Plant identification

From Wikipedia, the free encyclopedia
Jump to: navigation, search

Plant identification is the process of matching a specimen plant to a known taxon. It uses various methods, most commonly dichotomous keys or multi-access keys.


George Bentham English systematician and botanist

Plant identification has evolved over hundreds of years and depends to a large extent on what criteria and whose system is used. Plant identification implies comparisons of certain characteristics and then assigning a particular plant to a known taxonomic group, ultimately arriving at a species or infraspecific name.

In the history of botany many large systems, useful at the time, were widely used for decades until superseded as taxonomic knowledge progressed.

  • Genera Plantarium[1] was devised by George Bentham (1800–1884) and Joseph Dalton Hooker (1817–1911) who were British botanists working for Royal Botanic Gardens, Kew in the latter part of the nineteenth century. They described the system in a three-volume work. A total of 202 groups were described, which they called "orders" - now known as families. The system was renowned for being very practical and the keys were quite accurate.

The study by of plant taxonomy with computer programmes was beginning by the early 1970s,[2] and botanical keys now use numerical computer systems.


This is the branch of botany which deals with plant identification, nomenclature and classification. The term, first coined by French botanist A. P. de Candolle (1813). Carl Linnaeus used the term 'Systematics' which now includes identification, nomenclature and evolutionary relationships.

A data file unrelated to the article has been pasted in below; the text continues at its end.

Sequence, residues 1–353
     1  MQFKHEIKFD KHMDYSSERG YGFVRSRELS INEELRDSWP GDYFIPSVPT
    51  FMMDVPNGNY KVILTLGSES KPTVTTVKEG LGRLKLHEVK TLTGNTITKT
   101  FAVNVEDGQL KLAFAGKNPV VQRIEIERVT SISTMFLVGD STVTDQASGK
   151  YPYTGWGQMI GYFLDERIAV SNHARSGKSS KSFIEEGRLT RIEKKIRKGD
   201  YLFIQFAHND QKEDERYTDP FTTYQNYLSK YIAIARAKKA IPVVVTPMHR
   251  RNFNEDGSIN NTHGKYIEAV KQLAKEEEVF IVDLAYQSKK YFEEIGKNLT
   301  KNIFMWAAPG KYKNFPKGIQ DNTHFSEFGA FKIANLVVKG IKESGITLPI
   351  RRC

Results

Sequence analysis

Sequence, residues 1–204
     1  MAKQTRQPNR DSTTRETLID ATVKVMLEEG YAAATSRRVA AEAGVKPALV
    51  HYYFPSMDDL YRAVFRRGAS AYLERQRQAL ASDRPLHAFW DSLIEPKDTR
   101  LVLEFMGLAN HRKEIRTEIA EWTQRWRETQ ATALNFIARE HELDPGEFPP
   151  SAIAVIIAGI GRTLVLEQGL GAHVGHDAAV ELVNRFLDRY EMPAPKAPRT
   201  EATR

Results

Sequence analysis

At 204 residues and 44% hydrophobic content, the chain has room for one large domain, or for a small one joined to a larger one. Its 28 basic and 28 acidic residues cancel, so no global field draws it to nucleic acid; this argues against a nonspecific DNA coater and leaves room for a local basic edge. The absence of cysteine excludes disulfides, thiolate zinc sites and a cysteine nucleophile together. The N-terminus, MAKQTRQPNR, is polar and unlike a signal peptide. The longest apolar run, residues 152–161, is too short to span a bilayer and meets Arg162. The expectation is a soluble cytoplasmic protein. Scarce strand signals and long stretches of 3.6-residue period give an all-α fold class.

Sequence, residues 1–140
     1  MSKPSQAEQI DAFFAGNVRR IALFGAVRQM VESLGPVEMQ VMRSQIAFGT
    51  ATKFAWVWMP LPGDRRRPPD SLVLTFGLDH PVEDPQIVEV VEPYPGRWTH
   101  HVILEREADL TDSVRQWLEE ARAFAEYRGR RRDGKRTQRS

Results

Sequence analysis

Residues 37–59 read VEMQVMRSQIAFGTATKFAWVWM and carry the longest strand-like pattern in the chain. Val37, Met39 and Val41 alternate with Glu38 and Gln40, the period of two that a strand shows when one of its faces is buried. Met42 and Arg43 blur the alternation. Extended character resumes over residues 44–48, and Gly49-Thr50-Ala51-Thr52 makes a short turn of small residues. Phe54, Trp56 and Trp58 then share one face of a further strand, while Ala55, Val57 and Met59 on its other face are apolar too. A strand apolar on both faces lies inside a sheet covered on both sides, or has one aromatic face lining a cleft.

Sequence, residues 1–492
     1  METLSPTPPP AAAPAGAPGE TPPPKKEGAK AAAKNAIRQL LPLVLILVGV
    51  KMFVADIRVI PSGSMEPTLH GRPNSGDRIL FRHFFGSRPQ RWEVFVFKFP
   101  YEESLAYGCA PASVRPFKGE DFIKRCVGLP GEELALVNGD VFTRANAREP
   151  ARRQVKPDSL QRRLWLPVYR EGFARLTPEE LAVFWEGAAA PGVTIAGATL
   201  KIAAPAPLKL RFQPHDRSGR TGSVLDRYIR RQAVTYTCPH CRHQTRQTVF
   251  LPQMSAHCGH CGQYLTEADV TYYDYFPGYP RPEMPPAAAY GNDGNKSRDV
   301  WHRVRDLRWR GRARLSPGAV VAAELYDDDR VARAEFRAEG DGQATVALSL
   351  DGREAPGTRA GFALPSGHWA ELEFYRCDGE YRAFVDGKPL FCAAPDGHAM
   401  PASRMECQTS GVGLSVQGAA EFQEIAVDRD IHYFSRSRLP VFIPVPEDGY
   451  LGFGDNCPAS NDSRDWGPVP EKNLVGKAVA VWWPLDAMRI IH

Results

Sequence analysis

Main article: Herbarium

Reference collections of plant specimens are collected into herbarium and identified. Most plant parts are dried, pressed, mounted on herbarium sheets and stored; succulents and some other types of plants are normally kept in alcohol solution. The sheets are standard size of 1612 × 1112 inches or 41.25 × 28.75 cm. The identified plant ideally includes all parts including roots, flowers and fruits, strobili, etc. One of the largest herbaria in the world is kept at the Royal Botanic Gardens, Kew England and has collected an estimated 7 Million specimens.[3]

See also[edit]


  1. ^ Isely, Duane. 1994 One hundred and one botanists Iowa State University Press.
  2. ^ Larry E. Morse (1974), "Computer-Assisted Storage and Retrieval of the Data of Taxonomy and Systematics", Taxon 23 (1): 29–43 
  3. ^ "entry for RBG Kew", Index Herbariorum, retrieved 21 April 2015 

Further reading[edit]

  • Tim Jones' (2013) - "A visual identification key utilizing both gestalt and analytic approaches to identification of Carices present in North America (Plantae, Cyperaceae)" in the Biodiversity Data Journal [1]
  • John Shaffner's key (1911) in the Ohio Naturalist [2]

External links[edit]